Looking back I think we had picked a poor vendor, but also we had mis-diagnosed the problem and had picked a poor solution. Batch ETL processing is super tricky to get right and hard to troubleshoot. In normal engineering you write your program and immediately try it out. If something’s wrong you know almost instantly and you can go and fix it. With batch jobs each ‘run’ of your program can take hours to complete. Often you don’t realize that there’s a bug in your code until hours after you start your run. If you’re relying on a vendor and something about your data blows up your vendor’s ETL process you’re stuck sitting around waiting for their support team.
It’s hard to do quality engineering when cycle times are so slow. That’s why I think better solutions involve real-time event stream-based processing.
# We started migrating to event based data pipelines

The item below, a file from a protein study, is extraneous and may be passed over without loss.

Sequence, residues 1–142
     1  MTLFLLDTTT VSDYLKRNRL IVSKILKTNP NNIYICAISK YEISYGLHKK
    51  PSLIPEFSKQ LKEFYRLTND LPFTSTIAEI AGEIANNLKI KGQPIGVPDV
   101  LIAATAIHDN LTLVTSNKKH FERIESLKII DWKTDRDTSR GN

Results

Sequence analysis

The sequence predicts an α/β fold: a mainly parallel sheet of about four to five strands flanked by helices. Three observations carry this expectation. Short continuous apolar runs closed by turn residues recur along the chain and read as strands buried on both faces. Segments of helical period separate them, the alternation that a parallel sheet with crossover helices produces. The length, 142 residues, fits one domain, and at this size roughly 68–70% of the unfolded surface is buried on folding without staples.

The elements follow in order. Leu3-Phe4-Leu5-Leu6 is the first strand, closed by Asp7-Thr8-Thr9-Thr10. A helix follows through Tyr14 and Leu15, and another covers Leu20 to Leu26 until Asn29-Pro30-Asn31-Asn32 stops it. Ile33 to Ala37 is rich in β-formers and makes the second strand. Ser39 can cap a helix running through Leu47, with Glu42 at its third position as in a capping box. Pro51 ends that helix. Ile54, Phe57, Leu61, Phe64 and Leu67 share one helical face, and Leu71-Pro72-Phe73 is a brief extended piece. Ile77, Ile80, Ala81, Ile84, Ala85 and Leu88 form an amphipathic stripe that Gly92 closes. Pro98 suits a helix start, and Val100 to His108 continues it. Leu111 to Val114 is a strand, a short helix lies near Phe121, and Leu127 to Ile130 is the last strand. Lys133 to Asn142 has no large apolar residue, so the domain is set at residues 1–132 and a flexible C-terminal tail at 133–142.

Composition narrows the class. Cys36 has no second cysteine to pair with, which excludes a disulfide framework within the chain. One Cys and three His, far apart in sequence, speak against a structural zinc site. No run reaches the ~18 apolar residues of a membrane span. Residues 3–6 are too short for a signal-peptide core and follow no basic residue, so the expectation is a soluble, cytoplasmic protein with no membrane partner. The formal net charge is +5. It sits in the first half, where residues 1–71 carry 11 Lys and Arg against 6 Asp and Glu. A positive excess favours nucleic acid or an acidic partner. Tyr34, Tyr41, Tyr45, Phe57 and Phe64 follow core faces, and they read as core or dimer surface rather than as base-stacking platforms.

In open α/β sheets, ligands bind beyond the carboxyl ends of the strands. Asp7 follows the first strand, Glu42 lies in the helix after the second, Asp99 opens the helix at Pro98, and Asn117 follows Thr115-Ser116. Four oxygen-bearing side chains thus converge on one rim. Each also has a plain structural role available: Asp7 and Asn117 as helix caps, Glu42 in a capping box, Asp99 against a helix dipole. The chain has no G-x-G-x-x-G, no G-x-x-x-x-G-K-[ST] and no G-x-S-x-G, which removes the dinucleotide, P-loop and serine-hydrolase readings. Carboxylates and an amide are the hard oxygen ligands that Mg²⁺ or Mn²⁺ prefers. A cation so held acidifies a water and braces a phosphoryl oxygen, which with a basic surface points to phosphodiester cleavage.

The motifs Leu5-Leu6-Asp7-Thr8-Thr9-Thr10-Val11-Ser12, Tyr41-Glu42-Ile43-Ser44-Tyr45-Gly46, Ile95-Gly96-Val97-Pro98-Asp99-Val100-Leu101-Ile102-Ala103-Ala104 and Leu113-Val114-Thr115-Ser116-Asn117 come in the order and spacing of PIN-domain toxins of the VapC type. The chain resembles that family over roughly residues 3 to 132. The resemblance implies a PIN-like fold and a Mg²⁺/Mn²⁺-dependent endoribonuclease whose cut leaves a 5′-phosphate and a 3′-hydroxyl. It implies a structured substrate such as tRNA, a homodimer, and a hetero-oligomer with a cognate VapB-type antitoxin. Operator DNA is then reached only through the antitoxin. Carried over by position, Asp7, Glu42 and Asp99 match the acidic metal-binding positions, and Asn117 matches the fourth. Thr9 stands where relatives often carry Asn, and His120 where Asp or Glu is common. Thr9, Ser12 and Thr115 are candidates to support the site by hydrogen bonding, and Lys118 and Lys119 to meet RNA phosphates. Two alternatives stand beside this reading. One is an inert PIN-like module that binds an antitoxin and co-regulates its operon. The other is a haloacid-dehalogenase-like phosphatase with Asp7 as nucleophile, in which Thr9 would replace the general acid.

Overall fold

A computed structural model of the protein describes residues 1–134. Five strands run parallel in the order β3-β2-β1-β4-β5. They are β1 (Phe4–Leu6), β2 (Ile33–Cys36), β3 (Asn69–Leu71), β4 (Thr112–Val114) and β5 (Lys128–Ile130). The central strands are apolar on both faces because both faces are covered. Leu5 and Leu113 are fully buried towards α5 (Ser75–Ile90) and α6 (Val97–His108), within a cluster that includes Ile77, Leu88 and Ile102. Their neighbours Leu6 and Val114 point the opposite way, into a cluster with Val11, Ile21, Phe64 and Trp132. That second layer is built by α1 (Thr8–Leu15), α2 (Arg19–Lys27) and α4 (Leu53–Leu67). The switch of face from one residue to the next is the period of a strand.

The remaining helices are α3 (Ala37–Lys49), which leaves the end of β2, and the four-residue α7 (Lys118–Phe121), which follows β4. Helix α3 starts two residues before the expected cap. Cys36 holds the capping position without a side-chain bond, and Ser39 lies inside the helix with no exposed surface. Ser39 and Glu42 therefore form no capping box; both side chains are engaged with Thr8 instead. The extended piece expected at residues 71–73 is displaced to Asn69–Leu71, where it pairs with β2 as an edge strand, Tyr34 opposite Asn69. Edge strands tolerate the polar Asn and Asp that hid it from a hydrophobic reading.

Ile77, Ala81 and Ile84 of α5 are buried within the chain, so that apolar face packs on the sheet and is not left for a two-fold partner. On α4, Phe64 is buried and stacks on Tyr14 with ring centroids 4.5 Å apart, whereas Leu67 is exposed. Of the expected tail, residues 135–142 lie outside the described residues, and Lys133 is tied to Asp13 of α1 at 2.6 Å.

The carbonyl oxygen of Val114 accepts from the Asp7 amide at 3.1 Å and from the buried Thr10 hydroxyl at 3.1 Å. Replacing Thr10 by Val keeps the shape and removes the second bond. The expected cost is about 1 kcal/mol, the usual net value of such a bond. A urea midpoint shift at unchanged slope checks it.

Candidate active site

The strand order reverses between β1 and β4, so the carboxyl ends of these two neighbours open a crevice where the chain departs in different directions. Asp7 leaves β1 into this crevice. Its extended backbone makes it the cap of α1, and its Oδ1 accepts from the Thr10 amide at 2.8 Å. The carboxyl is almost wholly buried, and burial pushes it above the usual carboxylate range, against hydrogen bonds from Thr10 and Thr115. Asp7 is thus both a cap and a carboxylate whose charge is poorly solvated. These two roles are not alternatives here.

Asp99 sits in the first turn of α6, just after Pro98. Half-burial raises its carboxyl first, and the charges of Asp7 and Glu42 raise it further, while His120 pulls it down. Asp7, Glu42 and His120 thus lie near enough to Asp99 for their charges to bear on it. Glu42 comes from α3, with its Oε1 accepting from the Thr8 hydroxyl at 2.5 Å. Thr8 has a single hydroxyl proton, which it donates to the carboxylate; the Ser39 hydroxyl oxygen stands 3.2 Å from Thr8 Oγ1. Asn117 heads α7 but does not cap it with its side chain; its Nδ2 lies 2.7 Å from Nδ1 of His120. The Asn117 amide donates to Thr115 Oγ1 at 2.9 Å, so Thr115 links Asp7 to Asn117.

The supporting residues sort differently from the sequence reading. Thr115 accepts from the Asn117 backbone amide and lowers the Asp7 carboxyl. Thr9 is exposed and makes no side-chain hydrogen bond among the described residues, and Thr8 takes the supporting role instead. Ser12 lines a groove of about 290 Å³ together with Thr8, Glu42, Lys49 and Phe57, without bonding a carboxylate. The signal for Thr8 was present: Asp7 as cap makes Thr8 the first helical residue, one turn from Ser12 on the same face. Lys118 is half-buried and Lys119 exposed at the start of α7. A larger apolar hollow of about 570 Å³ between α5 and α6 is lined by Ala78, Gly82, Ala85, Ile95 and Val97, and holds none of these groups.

We did finally start solving that database coupling problem. The shift came as we began to understand that a lot of companies fill their data warehouse via event streams.
Event streams are another approach people take to data engineering. Instead of copying a database from one place to another, you introduce code into your application logic that emits events. These events are transmitted to a centralized place where they get processed. In some cases data in events gets written into a data warehouse like RedShift. In others it might end up in a file on S3 in preparation for a spark job.
There are some huge advantages of emitting events from application logic instead of copying data from the database.